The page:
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Experimental and Clinical Therapeutics

Monday, October 17, 2005 3:00 PM-5:00 PM Exhibit Hall

(PP109) Pathophysiological effects of antibodies to IGF-1R and VEGFR-2 plus fractionated radiation in DU145 prostate carcinoma xenografts.

Fenton, Bruce*,1, Paoni, Scott1, 1 Department of Radiation Oncology, Rochester, NY, USA

ABSTRACT- Introduction: Several recent reports have demonstrated that the specific scheduling of antiangiogenic strategies with conventional therapy (chemotherapy or radiotherapy) can be critical to ultimate therapeutic response. Our previous studies have shown that alternative antiangiogenic strategies can produce quite opposite effects on tumor oxygenation and blood flow in murine mammary tumors. DC101 (ImClone Systems Inc.), an antiangiogenic monoclonal antibody against vascular endothelial growth factor receptor-2, resulted in substantial tumor hypoxia, while endostatin instead improved tumor oxygenation. The current experiments were designed to determine the pathophysiological effects of both single and combined treatments, using either antiangiogenic strategies or fractionated radiotherapy. Methods: DU145 human prostate xenograft tumors in mice were treated with either: a) saline, b) DC101, c) 15 x 2 Gy daily radiation fractions, d) A12 (ImClone Systems Inc.), an antibody to insulin growth factor receptor-1, or e) the combination of A12 and DC101. Tumor volumes were measured 3 times weekly for 3 wks. Using automated image processing techniques combined with immunohistochemical staining, total and perfused blood vessels were quantified, and tumor hypoxia was estimated by EF5 hypoxia marker uptake. Results: In comparison to controls, all treatment regimens produced substantial growth delay, with maximal response following the DC101 and the DC101/A12. Total and perfused vessel counts decreased significantly following both DC101 and the DC101/A12 combination, while overall tumor hypoxia increased only for the combination. Conclusions: In view of the reduced blood flow and/or increased hypoxia following DC101 and the DC101/A12 combination, radiotherapy would be predicted to be more effective when administered prior to the initiation of the antiangiogenic therapy. Ongoing studies are comparing the effects of alternative scheduling (antiangiogenics given pre-, post-, or concurrently with fractionated radiation) to gauge the importance of the accompanying pathophysiological alterations in potentiating combined treatment response. Supported by DOD Grant PC040737.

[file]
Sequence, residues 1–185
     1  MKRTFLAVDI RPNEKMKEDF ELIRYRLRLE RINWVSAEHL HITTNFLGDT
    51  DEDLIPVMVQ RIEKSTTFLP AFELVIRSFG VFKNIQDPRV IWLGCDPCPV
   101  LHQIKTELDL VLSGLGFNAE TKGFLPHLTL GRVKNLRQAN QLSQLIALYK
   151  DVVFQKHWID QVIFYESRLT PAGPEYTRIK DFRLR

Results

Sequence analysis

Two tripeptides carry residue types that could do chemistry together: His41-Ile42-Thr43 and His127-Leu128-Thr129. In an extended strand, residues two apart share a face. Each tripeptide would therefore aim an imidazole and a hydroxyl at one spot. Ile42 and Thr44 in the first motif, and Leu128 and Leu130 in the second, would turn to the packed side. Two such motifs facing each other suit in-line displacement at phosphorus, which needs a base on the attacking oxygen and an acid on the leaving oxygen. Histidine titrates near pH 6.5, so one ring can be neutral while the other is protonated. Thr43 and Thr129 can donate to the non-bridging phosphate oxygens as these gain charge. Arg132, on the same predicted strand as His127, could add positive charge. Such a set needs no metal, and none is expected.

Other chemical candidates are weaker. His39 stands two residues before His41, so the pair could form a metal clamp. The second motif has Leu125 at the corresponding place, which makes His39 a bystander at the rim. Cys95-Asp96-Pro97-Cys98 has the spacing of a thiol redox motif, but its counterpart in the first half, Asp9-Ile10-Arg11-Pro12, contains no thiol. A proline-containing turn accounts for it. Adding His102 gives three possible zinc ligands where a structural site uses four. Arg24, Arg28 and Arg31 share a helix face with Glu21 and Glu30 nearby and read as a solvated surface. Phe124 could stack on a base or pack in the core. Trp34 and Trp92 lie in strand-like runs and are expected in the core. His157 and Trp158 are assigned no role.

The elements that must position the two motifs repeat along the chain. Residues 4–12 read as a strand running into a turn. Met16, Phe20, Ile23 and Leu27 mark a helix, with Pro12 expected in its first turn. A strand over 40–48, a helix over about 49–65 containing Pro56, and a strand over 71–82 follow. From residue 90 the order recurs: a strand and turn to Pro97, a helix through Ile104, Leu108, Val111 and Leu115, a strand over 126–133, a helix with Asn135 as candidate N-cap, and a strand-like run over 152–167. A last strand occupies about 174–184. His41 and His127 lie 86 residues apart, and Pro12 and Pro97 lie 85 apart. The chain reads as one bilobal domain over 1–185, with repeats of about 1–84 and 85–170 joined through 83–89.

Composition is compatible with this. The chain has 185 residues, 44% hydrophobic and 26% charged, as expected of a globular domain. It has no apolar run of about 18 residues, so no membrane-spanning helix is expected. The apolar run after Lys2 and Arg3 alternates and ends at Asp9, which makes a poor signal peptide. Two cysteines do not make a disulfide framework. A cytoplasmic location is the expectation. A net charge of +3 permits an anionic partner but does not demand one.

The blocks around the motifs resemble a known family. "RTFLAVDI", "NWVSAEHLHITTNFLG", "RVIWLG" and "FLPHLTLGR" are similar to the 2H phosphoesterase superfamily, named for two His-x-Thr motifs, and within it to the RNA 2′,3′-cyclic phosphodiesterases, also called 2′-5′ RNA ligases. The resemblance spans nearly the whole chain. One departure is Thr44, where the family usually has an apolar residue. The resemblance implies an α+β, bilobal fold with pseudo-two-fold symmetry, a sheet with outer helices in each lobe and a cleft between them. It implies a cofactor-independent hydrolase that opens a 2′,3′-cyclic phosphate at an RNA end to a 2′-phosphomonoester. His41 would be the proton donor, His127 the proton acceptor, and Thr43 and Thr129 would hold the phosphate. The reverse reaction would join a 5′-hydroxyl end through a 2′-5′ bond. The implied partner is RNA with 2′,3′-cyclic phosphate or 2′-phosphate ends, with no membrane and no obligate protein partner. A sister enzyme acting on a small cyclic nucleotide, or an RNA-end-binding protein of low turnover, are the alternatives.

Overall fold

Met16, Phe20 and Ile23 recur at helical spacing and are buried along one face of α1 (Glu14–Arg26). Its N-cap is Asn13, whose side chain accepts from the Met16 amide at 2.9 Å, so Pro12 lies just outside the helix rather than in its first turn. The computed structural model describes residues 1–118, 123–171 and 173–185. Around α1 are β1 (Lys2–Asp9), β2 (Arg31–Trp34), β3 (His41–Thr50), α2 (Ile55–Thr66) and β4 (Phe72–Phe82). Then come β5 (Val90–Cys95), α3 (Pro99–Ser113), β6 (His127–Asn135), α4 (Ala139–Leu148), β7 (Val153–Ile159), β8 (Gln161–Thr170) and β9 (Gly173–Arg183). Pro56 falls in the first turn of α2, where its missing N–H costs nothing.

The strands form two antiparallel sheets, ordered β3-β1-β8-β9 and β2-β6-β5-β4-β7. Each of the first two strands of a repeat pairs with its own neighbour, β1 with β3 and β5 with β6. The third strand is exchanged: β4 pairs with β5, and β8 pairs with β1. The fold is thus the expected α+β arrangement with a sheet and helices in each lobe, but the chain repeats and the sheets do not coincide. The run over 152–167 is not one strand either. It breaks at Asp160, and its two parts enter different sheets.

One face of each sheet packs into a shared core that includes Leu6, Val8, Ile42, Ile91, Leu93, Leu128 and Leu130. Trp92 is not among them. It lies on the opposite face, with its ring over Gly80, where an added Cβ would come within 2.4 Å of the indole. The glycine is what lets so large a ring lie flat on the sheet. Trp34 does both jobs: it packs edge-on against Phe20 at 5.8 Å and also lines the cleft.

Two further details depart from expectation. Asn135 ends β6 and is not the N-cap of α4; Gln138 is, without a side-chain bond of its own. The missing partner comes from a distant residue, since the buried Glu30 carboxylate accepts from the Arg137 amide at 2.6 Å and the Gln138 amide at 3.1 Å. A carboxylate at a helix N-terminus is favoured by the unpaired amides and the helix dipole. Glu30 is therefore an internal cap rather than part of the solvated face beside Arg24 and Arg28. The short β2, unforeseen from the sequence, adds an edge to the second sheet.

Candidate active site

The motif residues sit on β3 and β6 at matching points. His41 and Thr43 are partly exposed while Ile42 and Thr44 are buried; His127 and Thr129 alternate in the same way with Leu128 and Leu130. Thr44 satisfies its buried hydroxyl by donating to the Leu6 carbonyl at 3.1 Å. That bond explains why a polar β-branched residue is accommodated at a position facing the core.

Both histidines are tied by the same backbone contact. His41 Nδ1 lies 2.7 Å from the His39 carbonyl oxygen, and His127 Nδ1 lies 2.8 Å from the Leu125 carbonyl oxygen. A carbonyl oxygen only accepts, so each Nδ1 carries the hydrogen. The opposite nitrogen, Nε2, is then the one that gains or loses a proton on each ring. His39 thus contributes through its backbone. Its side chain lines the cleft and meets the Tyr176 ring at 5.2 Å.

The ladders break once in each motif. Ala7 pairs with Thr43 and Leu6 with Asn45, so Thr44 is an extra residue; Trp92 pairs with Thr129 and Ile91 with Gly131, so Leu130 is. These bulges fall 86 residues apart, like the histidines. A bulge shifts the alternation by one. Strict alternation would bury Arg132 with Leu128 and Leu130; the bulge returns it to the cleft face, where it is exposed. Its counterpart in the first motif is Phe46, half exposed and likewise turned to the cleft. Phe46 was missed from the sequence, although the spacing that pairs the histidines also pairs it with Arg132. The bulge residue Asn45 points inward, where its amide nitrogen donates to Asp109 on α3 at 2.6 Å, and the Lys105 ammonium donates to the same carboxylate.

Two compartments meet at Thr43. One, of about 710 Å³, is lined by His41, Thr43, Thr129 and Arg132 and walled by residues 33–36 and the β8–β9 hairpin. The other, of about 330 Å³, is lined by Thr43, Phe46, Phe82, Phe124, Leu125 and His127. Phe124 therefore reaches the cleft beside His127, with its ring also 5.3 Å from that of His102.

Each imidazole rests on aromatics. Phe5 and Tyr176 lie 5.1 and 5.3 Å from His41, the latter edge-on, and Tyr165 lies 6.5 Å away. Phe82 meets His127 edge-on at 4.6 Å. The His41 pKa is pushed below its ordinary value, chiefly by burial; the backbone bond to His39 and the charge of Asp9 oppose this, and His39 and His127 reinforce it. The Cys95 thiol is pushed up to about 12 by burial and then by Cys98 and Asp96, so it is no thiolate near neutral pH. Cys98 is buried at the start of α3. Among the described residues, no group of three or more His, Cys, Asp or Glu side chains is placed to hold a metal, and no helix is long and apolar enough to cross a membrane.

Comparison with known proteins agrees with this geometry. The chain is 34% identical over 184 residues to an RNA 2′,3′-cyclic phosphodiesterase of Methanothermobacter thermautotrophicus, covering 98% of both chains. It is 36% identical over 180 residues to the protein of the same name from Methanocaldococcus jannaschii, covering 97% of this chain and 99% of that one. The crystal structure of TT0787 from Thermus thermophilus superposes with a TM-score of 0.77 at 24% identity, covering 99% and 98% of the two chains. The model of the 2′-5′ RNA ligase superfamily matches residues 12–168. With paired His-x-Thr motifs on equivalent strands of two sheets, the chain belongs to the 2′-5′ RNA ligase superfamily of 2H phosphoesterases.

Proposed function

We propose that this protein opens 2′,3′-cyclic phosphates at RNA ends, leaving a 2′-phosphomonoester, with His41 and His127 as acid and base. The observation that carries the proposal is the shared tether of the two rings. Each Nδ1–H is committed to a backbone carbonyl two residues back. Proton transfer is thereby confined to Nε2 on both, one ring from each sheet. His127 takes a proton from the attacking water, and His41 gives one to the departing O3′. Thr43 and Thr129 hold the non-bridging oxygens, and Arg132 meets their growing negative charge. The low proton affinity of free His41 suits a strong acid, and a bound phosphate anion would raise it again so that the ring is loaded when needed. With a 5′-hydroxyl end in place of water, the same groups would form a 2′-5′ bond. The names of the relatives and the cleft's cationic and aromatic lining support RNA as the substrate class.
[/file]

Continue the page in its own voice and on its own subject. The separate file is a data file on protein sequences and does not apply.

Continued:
Key words: antiangiogenesis, hypoxia, combination therapy


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2005 RRS